2.7 Sequencing and phylogenetic analysis

To confirm the identity of the amplicons, nPCR products were submitted to sequencing in an automatic sequencer (ABI-PRISM 3100 Genetic Analyzer). The BigDyeTM Terminator Chemistry was used (Applied Biosystems, Foster City, CA). A sequence analysis was performed with the BLAST software, and the sequences were aligned with the BioEdit Sequence Alignment Editor program. The BKPyV and JCPyV sequences used in the alignments were obtained from the Genbank database and from a previous report in which the presence of these viruses were demonstrated in urine samples of humans (McQuaig et al., 2006). Phylogenetic analysis was carried out using MEGA 5.0 for both trees. The neighbor-joining method and the maximum likelihood method were used to build the phylogenetic trees. Statistical significance of clades was measured by 500 bootstrap replicates.

3 Results

3.1 Sensitivity of the first PCR assay

The sensitivity of the first PCR reaction was determined using tenfold serial dilutions of known quantities of IC molecules. Amplicons were easily observed on an ethidium bromide-stained agarose gel when the PCR was performed with the addition of between 65 and 6 IC molecules (data not shown). This implies that the lower detection limit of the PCR was of about 6 IC molecules.

3.2 Prevalence of BKPyV and JCPyV

Water samples were taken at five sampling sites along the water stream Arroio Dilúvio and from STP São João/Navegantes in Porto Alegre. From the fifteen samples collected along the Arroio Diluvio, only fourteen were analyzed, one of them was lost during the process. One of the Arroio Dilúvio’ samples was positive only for BKPyV (7.1%), while 4 samples were positive only for JCPyV (28.6%) and four samples (28.6%) were positive for both viruses (Table 1). The analysis of virus DNA obtained from the water samples collected from STP São João/Navegantes showed that four out of 16 samples were positive for virus DNA. A higher frequency of positive samples was found in the influent samples (Table 2). Among these samples, JCPyV was more frequently detected (3/8 or 37.5% of the samples), while only 1 sample was BKPyV positive (12.5%). In the effluent, only one sample, collected in July, was positive for JCPyV (Table 2).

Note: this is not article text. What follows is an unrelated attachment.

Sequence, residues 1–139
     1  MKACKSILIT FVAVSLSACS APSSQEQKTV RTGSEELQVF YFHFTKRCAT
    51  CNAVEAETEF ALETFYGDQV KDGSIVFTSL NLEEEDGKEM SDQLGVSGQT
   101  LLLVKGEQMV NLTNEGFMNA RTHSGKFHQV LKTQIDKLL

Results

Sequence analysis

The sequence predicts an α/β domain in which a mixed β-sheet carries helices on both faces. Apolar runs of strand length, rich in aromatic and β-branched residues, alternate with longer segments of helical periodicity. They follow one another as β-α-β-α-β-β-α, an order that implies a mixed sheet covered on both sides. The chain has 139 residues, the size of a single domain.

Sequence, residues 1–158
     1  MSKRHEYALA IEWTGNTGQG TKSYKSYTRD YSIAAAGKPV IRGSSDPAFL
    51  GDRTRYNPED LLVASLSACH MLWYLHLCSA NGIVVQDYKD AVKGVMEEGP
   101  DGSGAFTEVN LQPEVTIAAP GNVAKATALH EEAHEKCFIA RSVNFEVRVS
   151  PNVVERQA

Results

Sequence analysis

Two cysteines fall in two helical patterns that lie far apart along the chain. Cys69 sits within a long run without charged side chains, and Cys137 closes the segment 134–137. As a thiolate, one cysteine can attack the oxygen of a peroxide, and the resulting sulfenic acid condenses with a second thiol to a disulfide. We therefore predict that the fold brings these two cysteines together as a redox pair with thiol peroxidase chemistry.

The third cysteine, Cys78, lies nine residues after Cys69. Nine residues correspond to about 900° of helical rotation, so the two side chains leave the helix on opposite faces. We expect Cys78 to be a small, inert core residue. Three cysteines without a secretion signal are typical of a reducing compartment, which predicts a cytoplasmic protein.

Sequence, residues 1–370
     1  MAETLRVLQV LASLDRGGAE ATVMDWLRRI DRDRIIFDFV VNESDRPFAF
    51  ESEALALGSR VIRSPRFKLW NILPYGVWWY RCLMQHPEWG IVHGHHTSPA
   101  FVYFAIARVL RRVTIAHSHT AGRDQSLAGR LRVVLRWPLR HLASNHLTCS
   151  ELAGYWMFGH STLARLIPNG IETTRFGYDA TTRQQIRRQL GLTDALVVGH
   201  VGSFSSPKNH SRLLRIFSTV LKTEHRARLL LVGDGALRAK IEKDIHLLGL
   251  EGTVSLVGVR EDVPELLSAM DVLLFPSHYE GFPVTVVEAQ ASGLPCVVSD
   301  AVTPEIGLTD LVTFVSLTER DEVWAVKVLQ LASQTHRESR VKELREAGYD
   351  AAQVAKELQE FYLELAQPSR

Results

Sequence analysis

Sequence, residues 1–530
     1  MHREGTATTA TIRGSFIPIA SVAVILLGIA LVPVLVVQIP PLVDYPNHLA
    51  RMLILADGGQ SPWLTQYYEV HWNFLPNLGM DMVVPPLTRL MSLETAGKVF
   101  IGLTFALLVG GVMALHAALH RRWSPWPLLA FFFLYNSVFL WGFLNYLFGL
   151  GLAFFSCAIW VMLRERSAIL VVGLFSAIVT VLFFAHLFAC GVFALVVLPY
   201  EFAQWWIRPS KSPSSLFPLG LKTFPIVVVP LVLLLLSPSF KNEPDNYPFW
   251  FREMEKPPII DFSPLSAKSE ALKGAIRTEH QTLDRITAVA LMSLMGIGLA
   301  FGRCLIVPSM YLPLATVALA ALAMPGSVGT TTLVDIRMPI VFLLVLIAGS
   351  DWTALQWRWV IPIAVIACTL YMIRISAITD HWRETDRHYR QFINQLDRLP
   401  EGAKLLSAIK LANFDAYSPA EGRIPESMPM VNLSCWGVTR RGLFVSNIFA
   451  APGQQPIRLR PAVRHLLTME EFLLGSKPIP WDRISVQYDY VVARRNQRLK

Table 1 Detection of BKPyV and JCPyV DNA in water samples collected from the Arroio Diluvio, Porto Alegre, Brazil. 

Harvesting points Period of collection
January April September
BKPyV JCPyV BKPyV JCPyV BKPyV JCPyV
P 1 + a + - + + +
P 2 + a - - - - -
P 3 - - - + - -
P 4 - + a + a + + a + a
P 5 - - - + N/T N/T

aSequenced samples; + (Positive); – (Negative); N/T (Not tested).

Table 2 Detection of BKPyV and JCPyV DNA in water samples collected from STP São João/Navegantes, Porto Alegre, Brazil. 

Influent Effluent
BKPyV JCPyV BKPyV JCPyV
Period of collection March - + - -
April - - - -
May - - - -
June - - - -
July + a + a - + a
August - + a - -
September - - - -
October - - - -

aSequenced samples; + (Positive); – (Negative).

3.3 Characterization of JCPyV and BKPyV DNA

Five amplicons of each polyomavirus detected were submitted to sequencing. The sequences were analyzed and compared with sequences available in GenBank using the BLAST program. The JCPyV strains detected here clustered mainly in two different groups, 1 and 3 (see Figure 2). The BKPyV positive samples were all characterized as subtypes Ia and Ib (see Figure 3).

Figure 2 Phylogenetic analysis of the nucleotide sequences of a 215bp fragment of the VP1 region of JCPyV. To elaborate this tree 29 nucleotide sequences were aligned. Five water samples were analyzed and the JCPyV genotypes found were compared with JCPyV sequences obtained from urine samples and other sequences available in GenBank. The black rhombuses represent the analyzed water samples, whereas the black circles refer to the urine samples. 

Figure 3 Phylogenetic analysis of the nucleotide sequences of a 296bp fragment of the VP1 region of BKPyV. To elaborate this tree 56 nucleotides sequences were aligned. Five water samples were analyzed and the BKPyV sequences found were compared with sequences of urine samples and other sequences available in GenBank. The black rhombuses represent the analyzed water samples, whereas the black circles refer to urine samples. 

4 Discussion

The present study shows the detection of BKPyV and JCPyV in environmental water samples collected in Porto Alegre, Southern Brazil. The nPCR assay used here, based on the study developed by Bofill-Mas et al. (2000), allowed the detection of BKPyV and JCPyV positive water samples with a high sensitivity. In addition, as the target of the nPCR is the VP1 gene, which encodes the major capsid protein and is responsible for the antigenic variability among these viruses, its amplification and sequence analysis allowed the phylogenetic characterization of these samples (Jin et al., 1993).